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What is Maternal Hemorrhage?

maternal hemorrhage

Postpartum haemorrhage occurs when women experience bleeding is in excess or more than normal after a mother gives birth to a baby. About 1 in 100 to 5 in 100 women experience postpartum haemorrhage  It is more common in the cesarean process than in the normal process of giving birth. Maternal Haemorrhage often happens after the placenta is delivered.

What are the causes of Maternal Haemorrhage?

After delivery, the uterus usually contracts and pushes out the placenta. These contractions help put pressure on the bleeding vessels in the area where the placenta was attached at the time of birth. If the uterus does not contrast strongly enough, the blood vessels bleed freely, causing postpartum haemorrhage. 
Other causes may include:

  • Tear in the cervix or tissue of vagina
  • Tear in a blood vessel in the uterus
  • Bleeding into a hidden tissue area or space in the pelvis
  • Blood clotting disorders
  • Placenta problems 
    maternal hemorrhage causes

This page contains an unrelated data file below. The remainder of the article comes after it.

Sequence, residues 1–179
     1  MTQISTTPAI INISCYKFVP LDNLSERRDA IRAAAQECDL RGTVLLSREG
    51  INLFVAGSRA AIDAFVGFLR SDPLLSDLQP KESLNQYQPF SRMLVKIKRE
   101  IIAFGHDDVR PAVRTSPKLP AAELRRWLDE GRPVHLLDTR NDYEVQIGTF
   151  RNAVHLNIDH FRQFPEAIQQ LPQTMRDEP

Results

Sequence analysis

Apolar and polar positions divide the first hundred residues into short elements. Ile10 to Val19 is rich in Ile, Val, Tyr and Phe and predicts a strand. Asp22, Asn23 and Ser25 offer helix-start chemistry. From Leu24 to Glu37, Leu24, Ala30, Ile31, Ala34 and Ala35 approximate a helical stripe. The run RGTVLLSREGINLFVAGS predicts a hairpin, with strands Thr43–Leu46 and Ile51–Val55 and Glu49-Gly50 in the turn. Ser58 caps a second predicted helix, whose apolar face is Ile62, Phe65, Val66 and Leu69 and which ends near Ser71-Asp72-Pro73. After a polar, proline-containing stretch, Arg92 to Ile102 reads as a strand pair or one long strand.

What are the conditions that may increase the risk of maternal hemorrhage?
  • Placenta Abruption (early detachment of the placenta from the uterus)
  • Placenta Previa (when the placenta covers or is near the opening of the cervix)
  • Overdistended Uterus (where the uterus is larger than normal because of excess amniotic fluid or a large baby)
  • Multiple Baby Pregnancy
  • Having Many Previous Births
  • Prolonged Labor
  • Obesity 
  • Infection 
  • Use of forceps or vacuum assisted delivery                                                       

What are the symptoms of maternal hemorrhage?

  • Uncontrolled bleeding
  • Decreased blood pressure
  • Increased heart rate
  • Decrease in the red blood cell count
  • Swelling and pain in and around the vagina

maternal hemorrhage symptoms


How is maternal hemorrhage treated?

  • Medicine or uterine massage to stimulate contractions
  • Removing pieces of the placenta that remains in the uterus 
  • Examining the uterus and other pelvic tissues, the vagina and vulva to look for areas that may need repair
  • Laparotomy (surgery done to open the abdomen to find the cause of bleeding)
  • Tying off or sealing blood vessels (done using uterine compression sutures, special gel, glue or coils)
  • Hysterectomy (surgery done to remove the uterus)

It is important to replace lost blood in treating maternal hemorrhage. You may quickly be given fluids, blood, and blood products to prevent shock. Oxygen will also help in such situations. Maternal hemorrhage is very serious and must be taken seriously by all women and girls. The problem can be nipped in the bud if the cause of bleeding can be found quickly, it can be treated and you will be able to recover fully.

Comments (2)

  • reena on April 07, 2020

    nicely explained and also informational blog.

  • Nisha on March 27, 2020

    very right maternal haemorrhage is a very serious condition and should be taken seriously.

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